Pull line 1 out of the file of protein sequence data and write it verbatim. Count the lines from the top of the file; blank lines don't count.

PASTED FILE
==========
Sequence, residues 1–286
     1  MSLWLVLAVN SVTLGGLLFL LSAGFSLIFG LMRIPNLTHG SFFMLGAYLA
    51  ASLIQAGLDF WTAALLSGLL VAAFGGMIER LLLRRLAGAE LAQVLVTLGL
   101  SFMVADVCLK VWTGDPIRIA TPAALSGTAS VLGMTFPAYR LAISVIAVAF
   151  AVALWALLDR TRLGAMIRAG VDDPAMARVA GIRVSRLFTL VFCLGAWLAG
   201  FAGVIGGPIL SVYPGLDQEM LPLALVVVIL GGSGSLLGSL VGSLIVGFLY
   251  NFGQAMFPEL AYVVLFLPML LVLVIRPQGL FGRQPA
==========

Sequence, residues 1–286